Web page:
I had been going back and forth on how to implement my drawing machine, and what aesthetic to pursue. Originally I wanted to do a fully automated, motor driven drawing machine, but as I learned more about various drawing machines that’ve been built, I found that you can accomplish quite a bit with a gravity driven machine, so I decided to pursue that approach to save money and simplify the mechanism.

I wanted to have a clear aesthetic to my design, and I’ve been interested in working more with copper piping, as I’ve been doing some soldering work around my house in my water system. So, I decided to take the approach of building an industrial, “steam punk” sort of aesthetic, using soldered copper, galvanized steel, and steel wiring to build the machine.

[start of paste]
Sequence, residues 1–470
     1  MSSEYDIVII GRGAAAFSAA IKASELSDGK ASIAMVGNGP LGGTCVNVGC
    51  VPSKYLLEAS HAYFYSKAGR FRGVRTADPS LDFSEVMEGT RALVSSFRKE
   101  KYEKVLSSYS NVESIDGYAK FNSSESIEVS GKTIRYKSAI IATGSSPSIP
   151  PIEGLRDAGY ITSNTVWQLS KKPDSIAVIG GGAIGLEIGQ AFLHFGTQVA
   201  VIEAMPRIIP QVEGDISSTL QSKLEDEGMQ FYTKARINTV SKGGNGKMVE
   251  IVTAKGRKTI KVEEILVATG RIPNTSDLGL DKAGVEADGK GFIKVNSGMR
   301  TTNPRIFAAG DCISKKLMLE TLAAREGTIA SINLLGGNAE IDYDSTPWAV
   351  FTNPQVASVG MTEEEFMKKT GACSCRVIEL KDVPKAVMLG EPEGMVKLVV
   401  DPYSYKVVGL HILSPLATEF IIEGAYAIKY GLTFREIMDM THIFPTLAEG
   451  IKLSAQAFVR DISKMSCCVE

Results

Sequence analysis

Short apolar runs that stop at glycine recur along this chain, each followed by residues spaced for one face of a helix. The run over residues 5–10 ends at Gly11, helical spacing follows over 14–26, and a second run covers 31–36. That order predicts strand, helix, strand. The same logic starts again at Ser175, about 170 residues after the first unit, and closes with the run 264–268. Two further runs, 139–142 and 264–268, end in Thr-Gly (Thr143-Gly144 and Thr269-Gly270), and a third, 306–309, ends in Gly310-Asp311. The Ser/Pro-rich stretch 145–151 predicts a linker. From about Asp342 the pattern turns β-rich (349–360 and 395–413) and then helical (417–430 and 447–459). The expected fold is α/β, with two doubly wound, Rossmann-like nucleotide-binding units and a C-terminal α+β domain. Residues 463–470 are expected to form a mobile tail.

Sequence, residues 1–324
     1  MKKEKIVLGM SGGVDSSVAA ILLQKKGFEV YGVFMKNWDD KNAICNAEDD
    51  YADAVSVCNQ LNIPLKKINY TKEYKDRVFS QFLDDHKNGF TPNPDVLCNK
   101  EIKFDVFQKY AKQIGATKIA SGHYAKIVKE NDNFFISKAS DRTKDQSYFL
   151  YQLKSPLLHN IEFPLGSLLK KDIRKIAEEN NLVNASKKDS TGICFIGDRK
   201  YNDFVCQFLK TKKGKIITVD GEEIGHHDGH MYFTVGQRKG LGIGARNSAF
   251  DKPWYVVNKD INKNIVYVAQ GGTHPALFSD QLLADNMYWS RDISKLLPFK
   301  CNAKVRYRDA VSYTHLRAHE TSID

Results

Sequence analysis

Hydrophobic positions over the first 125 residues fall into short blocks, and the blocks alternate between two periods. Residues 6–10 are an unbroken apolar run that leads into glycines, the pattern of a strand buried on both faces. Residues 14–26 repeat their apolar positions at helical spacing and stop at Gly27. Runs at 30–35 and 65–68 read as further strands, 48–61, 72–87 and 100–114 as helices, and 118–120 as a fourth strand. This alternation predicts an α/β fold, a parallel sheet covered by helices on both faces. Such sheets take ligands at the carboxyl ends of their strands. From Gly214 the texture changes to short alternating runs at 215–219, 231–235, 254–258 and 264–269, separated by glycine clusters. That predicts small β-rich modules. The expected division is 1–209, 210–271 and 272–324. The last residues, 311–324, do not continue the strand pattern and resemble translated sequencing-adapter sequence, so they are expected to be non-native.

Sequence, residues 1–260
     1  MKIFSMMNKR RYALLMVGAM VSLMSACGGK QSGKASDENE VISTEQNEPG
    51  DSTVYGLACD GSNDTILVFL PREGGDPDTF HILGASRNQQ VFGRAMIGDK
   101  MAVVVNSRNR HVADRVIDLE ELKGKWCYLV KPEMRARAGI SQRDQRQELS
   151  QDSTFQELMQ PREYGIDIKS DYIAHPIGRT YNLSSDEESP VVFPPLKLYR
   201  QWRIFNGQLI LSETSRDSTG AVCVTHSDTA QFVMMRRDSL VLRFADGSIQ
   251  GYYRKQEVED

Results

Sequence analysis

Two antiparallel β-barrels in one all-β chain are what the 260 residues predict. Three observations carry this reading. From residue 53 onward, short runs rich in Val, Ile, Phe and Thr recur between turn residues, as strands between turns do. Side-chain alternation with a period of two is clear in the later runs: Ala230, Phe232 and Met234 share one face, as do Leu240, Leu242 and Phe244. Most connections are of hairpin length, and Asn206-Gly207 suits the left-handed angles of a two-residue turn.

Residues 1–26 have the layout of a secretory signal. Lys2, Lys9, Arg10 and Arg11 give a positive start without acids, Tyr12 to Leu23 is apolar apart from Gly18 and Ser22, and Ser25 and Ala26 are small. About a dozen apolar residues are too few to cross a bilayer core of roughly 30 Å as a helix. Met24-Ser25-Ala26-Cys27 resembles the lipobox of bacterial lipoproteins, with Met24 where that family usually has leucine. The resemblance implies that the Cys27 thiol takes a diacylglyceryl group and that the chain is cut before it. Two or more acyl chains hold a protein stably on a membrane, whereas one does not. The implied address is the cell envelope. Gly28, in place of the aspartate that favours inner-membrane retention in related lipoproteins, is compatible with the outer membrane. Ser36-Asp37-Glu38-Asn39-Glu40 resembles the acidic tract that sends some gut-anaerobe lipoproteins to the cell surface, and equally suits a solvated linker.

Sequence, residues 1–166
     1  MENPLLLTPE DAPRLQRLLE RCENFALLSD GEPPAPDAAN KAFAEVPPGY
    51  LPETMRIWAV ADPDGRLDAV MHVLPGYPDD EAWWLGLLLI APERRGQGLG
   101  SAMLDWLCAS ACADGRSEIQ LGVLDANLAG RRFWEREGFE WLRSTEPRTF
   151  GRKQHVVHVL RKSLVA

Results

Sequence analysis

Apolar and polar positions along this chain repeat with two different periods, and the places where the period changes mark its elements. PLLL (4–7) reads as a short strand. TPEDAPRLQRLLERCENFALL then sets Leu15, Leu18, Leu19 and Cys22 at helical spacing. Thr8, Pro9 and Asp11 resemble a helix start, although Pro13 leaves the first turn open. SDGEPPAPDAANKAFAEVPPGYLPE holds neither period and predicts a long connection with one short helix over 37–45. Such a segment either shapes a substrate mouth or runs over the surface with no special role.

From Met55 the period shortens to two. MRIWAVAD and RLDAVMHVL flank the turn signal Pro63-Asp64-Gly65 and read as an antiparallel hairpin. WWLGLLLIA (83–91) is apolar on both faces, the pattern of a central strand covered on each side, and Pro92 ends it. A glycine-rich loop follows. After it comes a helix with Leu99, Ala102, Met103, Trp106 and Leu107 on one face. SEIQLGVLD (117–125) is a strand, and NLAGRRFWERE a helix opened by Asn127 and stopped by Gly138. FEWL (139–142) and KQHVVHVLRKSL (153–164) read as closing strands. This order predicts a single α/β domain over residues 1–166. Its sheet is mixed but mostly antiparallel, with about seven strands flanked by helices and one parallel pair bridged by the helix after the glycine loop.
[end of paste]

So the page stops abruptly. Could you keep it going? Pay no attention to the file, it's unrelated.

Originally, I thought of just running water through this machine, which I did to test it out, but I moved to paint on butcher paper to provide more of a lasting and visible product. I had a lot of trouble getting the right consistency. Other work from the machine is visible below, but this one is my favorite.

Going forward, I’d like to experiment more with different paints, and alter the geometry of the machine so the second wire leg of the pendulum has more room to swing as I think this will make interesting images!

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  • I love a good drawing machine. I enjoy how what ends up on the paper is a record of the process. I can picture the mechanism just by seeing the drawing. Have you considered leaning into that ‘record of a process’ aesthetic more?


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